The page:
A House Divided, 1840-1861

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Transcript A House Divided, 1840-1861

Chapter 13
A House Divided, 1840–1861
The original and final designs for (1855) Thomas Crawford’s Statue of Freedom for the dome of the
Capitol building. Secretary of War Jefferson Davis of Mississippi insisted that the liberty cap in the
first design, a symbol of the emancipated slave in ancient Rome, be replaced.
Fruits of Manifest Destiny
Continental Expansion
Territorial Expansion resulted in the Expansion of Slavery; which raised the question of whether
new lands should be free or slave.
1840’s – Nearly all land east of the Mississippi was in white hands
Indian Removal Act *1830) – forced American Indians west
The United States and Great Britain jointly administered Oregon and Utah was part of Mexico. National boundaries
mattered little to Americans who settled these regions.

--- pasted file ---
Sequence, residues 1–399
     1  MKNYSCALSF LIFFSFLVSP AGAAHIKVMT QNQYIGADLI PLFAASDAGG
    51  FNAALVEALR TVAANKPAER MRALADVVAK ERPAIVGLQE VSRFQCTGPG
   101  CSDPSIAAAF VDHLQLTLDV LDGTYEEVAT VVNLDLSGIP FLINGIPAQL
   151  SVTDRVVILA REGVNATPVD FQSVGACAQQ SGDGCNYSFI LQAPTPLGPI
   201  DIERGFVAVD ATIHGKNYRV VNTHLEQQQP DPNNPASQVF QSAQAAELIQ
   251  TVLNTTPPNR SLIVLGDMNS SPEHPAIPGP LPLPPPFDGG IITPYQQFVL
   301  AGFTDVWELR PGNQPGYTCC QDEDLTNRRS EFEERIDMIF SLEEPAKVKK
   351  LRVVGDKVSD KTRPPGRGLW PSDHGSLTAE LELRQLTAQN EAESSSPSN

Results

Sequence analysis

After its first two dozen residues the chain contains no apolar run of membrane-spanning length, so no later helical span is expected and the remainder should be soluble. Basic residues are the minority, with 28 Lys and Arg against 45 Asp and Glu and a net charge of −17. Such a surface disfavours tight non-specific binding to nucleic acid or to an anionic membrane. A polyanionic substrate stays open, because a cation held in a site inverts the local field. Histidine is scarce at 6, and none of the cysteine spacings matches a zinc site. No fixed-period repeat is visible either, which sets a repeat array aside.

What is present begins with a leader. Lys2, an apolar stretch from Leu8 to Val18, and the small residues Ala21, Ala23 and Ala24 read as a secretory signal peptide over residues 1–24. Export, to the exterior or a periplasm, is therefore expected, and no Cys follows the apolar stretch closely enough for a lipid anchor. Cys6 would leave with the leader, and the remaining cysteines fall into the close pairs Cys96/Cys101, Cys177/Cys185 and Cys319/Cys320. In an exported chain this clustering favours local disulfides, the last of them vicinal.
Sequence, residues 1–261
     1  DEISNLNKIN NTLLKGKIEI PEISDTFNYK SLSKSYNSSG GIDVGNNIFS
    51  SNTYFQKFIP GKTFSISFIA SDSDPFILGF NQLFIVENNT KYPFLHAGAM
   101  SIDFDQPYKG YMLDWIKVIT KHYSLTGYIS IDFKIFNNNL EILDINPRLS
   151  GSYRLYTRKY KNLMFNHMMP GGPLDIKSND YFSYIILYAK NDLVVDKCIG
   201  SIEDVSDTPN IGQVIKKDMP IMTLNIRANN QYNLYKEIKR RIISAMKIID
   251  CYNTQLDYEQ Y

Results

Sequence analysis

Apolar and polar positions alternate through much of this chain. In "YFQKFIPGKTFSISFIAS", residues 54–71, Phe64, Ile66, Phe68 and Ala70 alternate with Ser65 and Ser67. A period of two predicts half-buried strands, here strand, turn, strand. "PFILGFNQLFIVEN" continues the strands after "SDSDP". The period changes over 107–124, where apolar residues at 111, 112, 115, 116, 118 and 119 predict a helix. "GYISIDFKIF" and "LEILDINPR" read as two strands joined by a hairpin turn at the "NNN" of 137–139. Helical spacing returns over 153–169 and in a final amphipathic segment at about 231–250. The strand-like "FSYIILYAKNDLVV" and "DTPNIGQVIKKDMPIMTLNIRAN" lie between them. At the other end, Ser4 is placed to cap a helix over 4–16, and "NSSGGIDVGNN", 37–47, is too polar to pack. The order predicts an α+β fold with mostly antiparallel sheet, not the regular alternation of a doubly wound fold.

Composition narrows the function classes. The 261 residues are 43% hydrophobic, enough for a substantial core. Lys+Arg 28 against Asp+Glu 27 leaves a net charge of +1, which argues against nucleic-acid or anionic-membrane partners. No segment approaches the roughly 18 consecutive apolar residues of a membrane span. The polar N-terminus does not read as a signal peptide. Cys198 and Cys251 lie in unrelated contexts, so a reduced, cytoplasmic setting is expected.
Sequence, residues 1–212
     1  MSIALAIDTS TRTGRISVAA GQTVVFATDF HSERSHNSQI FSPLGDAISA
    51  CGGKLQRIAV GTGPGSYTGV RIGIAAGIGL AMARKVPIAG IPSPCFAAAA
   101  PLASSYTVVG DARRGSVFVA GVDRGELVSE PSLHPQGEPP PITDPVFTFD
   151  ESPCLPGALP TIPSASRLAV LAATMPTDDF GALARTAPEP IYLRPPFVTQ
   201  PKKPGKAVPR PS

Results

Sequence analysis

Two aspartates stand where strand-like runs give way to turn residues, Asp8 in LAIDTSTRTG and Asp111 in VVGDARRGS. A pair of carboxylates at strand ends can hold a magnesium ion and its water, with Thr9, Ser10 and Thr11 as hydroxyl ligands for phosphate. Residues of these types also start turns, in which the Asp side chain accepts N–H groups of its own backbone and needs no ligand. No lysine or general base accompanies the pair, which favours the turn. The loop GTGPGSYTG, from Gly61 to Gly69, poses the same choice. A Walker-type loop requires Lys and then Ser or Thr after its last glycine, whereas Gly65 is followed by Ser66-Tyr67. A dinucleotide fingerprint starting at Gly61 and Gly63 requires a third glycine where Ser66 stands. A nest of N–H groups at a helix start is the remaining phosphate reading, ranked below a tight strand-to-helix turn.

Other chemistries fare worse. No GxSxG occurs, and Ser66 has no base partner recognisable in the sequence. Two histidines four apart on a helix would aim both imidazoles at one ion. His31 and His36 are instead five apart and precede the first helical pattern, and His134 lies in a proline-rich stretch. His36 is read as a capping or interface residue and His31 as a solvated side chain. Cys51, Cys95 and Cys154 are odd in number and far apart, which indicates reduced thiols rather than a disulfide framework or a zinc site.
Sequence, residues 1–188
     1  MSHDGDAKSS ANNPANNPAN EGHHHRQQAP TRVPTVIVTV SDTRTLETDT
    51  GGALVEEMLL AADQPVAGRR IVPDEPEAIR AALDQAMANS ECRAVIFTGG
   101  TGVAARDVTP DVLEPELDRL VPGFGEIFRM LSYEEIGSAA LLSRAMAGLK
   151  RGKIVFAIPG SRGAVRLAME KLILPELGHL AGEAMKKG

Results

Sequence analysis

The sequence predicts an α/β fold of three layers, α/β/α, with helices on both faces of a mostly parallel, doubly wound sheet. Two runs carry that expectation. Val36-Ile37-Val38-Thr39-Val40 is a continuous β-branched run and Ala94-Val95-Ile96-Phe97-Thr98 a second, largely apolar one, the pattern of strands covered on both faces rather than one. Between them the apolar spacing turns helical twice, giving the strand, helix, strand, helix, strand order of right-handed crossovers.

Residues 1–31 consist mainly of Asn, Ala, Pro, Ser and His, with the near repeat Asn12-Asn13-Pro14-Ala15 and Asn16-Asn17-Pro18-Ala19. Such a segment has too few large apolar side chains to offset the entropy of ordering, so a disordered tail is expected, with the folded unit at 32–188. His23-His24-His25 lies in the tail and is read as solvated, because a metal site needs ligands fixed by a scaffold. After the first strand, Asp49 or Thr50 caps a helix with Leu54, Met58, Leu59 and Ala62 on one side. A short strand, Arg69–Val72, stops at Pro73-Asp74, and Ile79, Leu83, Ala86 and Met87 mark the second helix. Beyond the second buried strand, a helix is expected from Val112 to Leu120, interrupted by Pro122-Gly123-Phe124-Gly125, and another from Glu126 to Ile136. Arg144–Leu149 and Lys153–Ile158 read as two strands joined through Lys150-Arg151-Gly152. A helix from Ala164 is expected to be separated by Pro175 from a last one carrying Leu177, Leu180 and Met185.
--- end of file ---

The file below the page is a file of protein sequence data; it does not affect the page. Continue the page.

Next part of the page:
1840s- Americans settled the West due to:
– 1837 Depression - economic crisis pushed many settlers west
– Manifest Destiny - The idea that Americans had a divine mission to settle the continent,
known by the end of the 1840s as “manifest destiny,” intensified in these years.
America’s acquisition of part of Mexico directly raised the issue of slavery.
– When Mexico achieved independence from Spain in 1821, it was almost as large as the
United States in territory and population.
– Mexico’s northern provinces of California, New Mexico, and Texas were remote, sparsely
populated, and bordered by Indian country
– By the 1840s, California was linked to the United States by American ships that traded in
the region.
Map 13.1 The Trans-Mississippi West, 1830s – 1840s
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Copyright © 2011 W.W. Norton & Company
The Mexican Frontier: New Mexico and California
• 1821 Mexico Independence from Spain
• Mexico’s Northern Provinces: California, Texas, New Mexico